Dinosaurs

Ultimate Dinosaurs exhibition roars into the Science Museum of Minnesota on March 1

Prehistory takes on 21st century technology beginning March 1, when Ultimate Dinosaurs, an exhibition featuring twenty fully-articulated dinosaur specimens from unusual locations in the Southern Hemisphere, opens at the Science Museum of Minnesota. Saint Paul is the exhibition’s third North American stop, and only the second in the United States. Members of the media may preview the exhibition on Friday, February 28 from 9:30 a.m. to noon.

Prehistoric creatures from the other side of the world meet cutting-edge technology in this large-scale interactive exhibition

Prehistory takes on 21st century technology beginning March 1, when Ultimate Dinosaurs, an exhibition featuring twenty fully-articulated dinosaur specimens from unusual locations in the Southern Hemisphere, opens at the Science Museum of Minnesota. Saint Paul is the exhibition’s third North American stop, and only the second in the United States. Members of the media may preview the exhibition on Friday, February 28 from 9:30 a.m. to noon.

Based on new, groundbreaking research from scientists around the world (including former Science Museum paleontologist and current Macalester College professor Kristi Curry Rogers), Ultimate Dinosaurs reveals a new breed of dinosaurs that evolved in isolation in South America, Africa and Madagascar – dinosaurs that are unfamiliar to most North Americans. The exhibition seeks to answer the question: why are southern dinosaurs so unique and bizarre, and why are they so different from their North American counterparts?

Ultimate Dinosaurs also features cutting-edge technology experiences that bring the specimens to life like never before.

“This isn’t your typical dinosaur exhibit,” says Mike Day, senior vice president of the Science Museum of Minnesota. “Ultimate Dinosaurs features incredible, rarely-seen specimens and colorful environments combined with new technology to layer virtual experiences over what you see in front of you. They transform from intricately-detailed skeletons to moving, flesh-and-bones animals. It’s a powerful example of how augmented reality can bring history and science to life.”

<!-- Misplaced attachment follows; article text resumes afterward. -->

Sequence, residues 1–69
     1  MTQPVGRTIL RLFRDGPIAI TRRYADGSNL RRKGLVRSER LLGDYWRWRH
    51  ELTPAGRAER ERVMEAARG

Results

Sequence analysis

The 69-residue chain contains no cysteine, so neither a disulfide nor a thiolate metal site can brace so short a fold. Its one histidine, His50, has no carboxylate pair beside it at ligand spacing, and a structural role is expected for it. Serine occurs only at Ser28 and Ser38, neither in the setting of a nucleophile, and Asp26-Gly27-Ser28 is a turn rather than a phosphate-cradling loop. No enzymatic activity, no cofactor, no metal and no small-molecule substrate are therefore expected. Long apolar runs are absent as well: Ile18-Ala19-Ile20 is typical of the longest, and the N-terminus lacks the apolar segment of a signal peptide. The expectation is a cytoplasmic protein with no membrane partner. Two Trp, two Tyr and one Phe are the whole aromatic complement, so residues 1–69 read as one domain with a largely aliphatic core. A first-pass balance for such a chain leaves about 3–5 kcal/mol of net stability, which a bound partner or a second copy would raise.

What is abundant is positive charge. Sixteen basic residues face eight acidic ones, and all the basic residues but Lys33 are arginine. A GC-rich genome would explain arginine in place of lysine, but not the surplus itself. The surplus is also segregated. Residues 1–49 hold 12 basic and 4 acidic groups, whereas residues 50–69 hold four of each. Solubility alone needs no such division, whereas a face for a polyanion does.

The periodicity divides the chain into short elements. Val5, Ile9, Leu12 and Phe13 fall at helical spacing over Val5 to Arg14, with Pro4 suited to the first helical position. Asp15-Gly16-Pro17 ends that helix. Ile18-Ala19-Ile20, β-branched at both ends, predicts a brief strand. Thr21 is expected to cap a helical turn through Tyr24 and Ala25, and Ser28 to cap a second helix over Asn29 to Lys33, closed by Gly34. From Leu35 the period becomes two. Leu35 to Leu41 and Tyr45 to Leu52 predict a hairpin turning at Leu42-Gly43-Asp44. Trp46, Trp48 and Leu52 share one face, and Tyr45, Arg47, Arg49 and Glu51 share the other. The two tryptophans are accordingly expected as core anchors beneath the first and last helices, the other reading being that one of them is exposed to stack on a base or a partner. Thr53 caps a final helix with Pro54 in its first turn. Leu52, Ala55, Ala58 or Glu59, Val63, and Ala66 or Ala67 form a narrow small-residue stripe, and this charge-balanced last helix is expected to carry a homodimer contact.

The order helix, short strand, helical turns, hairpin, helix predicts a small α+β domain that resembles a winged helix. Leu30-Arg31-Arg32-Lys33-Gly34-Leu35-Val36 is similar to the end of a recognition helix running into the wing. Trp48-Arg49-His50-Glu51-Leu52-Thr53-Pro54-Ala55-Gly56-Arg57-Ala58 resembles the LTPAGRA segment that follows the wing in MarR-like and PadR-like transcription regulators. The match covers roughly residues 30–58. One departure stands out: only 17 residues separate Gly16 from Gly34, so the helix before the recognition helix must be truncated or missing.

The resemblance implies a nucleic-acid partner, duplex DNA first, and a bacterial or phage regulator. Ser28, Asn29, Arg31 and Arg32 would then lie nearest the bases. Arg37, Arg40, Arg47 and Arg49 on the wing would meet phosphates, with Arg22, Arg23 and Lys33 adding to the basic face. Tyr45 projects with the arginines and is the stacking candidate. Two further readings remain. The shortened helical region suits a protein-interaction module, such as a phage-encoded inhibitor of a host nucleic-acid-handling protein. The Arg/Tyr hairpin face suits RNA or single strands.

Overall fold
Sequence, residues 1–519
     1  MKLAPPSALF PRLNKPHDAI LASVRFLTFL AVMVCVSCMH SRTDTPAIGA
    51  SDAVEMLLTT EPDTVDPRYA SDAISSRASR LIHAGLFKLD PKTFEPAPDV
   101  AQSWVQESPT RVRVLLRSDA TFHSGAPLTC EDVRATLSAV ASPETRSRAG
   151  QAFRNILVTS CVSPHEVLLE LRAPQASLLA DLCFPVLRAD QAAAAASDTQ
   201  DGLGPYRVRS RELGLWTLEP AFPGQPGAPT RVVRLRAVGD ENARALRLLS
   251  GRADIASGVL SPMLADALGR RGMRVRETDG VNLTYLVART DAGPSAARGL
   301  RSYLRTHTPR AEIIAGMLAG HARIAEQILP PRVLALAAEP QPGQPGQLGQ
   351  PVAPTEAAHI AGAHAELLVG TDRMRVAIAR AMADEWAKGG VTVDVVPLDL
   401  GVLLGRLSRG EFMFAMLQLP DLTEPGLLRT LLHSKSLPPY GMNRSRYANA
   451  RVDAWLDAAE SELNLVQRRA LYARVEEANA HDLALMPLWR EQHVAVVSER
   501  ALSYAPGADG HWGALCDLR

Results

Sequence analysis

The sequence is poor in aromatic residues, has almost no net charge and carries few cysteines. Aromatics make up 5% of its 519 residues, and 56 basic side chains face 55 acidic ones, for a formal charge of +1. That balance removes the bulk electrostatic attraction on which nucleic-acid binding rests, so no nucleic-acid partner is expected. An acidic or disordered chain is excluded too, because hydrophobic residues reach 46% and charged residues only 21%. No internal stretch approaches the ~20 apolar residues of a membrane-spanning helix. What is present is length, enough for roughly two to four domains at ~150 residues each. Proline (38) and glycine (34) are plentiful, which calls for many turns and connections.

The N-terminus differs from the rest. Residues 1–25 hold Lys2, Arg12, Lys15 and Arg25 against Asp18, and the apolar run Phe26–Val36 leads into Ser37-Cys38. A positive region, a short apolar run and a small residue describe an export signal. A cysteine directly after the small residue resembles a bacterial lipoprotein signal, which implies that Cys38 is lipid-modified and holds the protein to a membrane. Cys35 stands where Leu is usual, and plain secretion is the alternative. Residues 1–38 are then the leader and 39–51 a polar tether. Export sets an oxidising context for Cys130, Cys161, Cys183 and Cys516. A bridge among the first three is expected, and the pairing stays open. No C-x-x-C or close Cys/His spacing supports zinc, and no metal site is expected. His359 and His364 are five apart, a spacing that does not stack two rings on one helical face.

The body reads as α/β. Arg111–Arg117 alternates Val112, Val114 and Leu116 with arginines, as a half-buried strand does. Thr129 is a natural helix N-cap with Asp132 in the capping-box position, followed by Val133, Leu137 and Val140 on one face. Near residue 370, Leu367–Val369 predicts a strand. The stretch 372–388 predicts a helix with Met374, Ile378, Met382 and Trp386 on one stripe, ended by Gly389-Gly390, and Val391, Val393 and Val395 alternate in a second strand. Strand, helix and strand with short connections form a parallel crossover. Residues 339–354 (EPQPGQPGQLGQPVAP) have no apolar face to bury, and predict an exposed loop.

The exhibition tells the story of the break-up of supercontinent Pangaea into the continents that we know today and the ways that continental drift affected the evolution of dinosaurs during the Mesozoic Era, 250-65 million years ago. As Pangaea divided first into Laurasia in the north and Gondwana in the south, and later into the many continents we know today, dinosaurs were passengers on these drifting land masses. Visitors to Ultimate Dinosaurs will discover that an amazing diversity of species evolved as a result of thisphenomenon. Dinosaurs’ imposed geographic location helped promote their evolution into an incredible array of unusual forms that dominated wherever they lived.

Some of the dinosaurs featured in the exhibition include:

Eoraptor, a bipedal dinosaur that lived about 228 million years ago that had two different kinds of teeth – both serrated and flat – indicating that it was an omnivore.

Cryolophosaurus, the first named dinosaur from Antarctica. This animal has a prominent “pompadour” crest across the top of its head.

Massospondylus, a dinosaur from South America that began its life on four legs and then grew to be bipedal in adulthood. The discovery of a series of 190 million year old Massospondylus nests has given scientists the first detailed look at dinosaur reproduction early in their evolutionary history.